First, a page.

I'm working this week with an incredible tutor group on the ECB Level IV Batting module at the National Cricket Performance Centre. Matthew Maynard, Tony Middleton (the Hampshire CCC Batting coach) and myself are heading up the course.
This morning, world leading performance coach, Dr Steve Bull interviewed ex-England player, Mark Ramprakash in one of the most powerful sessions I have experienced to date.
"Ramps" scored 114 First Class 100's and played 52 Test Matches in his glittering career. Recently, he has returned from a successful England Lions series win in Sri Lanka where he was lead batting coach. But one of the most interesting stats of Mark's career was that he was dropped on 10 separate occasions during a 52 test match career.
Ramprakash was touring the West Indies in 1998 and yet again found himself out of the team. He very nearly booked himself out of the Team Hotel to fly home because he had reached an all time low and his confidence was shot.
Ramps bumped into Steve Bull down at the pool and Bully started to work on some coping strategies to help Mark to increase his confidence. Ramprakash now talks about his Test Match career in this way: "My Pre-Steve Bull Test Career and my Post-Steve Bull Test Career"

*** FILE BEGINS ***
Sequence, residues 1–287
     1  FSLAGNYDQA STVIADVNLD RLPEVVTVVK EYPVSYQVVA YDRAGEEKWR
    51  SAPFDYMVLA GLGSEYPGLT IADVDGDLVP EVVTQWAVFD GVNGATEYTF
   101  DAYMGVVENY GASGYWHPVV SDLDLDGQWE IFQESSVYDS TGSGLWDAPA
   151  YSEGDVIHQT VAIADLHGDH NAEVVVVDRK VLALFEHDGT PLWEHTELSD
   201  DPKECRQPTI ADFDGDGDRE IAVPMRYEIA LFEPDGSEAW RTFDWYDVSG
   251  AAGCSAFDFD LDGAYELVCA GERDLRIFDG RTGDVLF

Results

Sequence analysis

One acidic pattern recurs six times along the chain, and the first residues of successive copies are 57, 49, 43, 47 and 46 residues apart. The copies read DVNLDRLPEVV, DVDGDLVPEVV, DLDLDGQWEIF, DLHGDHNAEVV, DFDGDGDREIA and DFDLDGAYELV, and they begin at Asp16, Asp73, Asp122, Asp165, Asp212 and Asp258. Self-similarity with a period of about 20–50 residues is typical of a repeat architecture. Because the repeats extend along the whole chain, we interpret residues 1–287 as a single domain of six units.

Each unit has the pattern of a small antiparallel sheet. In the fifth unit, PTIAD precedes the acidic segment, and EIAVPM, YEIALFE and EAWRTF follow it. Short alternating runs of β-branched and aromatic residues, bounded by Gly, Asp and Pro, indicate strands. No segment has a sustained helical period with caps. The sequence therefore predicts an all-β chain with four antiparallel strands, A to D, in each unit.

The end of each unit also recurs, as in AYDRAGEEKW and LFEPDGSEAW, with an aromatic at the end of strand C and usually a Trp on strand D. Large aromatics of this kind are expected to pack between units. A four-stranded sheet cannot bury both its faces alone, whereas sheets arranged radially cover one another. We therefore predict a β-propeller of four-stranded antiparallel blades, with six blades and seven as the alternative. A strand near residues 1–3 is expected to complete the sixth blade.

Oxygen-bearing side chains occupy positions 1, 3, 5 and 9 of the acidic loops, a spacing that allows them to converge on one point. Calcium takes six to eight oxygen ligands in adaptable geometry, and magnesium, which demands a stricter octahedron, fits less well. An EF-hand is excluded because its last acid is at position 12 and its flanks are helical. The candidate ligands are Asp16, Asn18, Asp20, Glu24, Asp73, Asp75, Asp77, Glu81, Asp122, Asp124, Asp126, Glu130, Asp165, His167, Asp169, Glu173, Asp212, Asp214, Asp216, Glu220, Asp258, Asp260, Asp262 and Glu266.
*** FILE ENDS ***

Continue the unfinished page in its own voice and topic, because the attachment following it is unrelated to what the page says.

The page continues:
So how did Steve help Ramprakash come back and take his career to new levels? What did they work on?
Visualisation is a confidence tool
The starting point was to work on some visualisation techniques. It was vital that Mark could see himself coping with all of the external and internal "noise" that was cluttering his mind and eroding his belief.
Ramprakash would visualise himself looking out from the pavilion at the venue for the next match, watching the previous wicket fall, hear the noise of the crowd, the horns, the music, see the crowd and picture himself walking confidently down the steps out on to the grass and towards the wicket.
He would take guard, take in the sights, sounds, smells and feelings and run through the first 30 balls of his innings against the likes of Curtly Ambrose and Courtney Walsh with absolute precision in his movements, his decision making, his leaves, shots and body language.
He would see it as he would normally experience it (through his own eyes which is called "internal visualisation"), and cope easily with the challenges that the bowlers can throw at him.
Ramprakash was selected for the 4th Test in Guyana and repeated this process in his head the night before the game. When the time came to bat he felt he could cope because "I had done it (in my head) before".
He had renewed confidence in his ability and scored 64* (out of 170) and 34 (out of 137) across his two innings.
Ramps ended up topping the series averages with 266 runs at 66.50 in his 3 matches.
In Neuro Linguistic Programming we talk about turning up the volume, the contrast, the colours and the feelings to make them as vivid as possible when we run through visualisation strategies, make it real.
This is exactly what Mark Ramprakash did to take him from the lowest ebb in his cricket career to the top of the England batting averages.
Can this inspirational story help you or one of your players to build confidence when they need it most?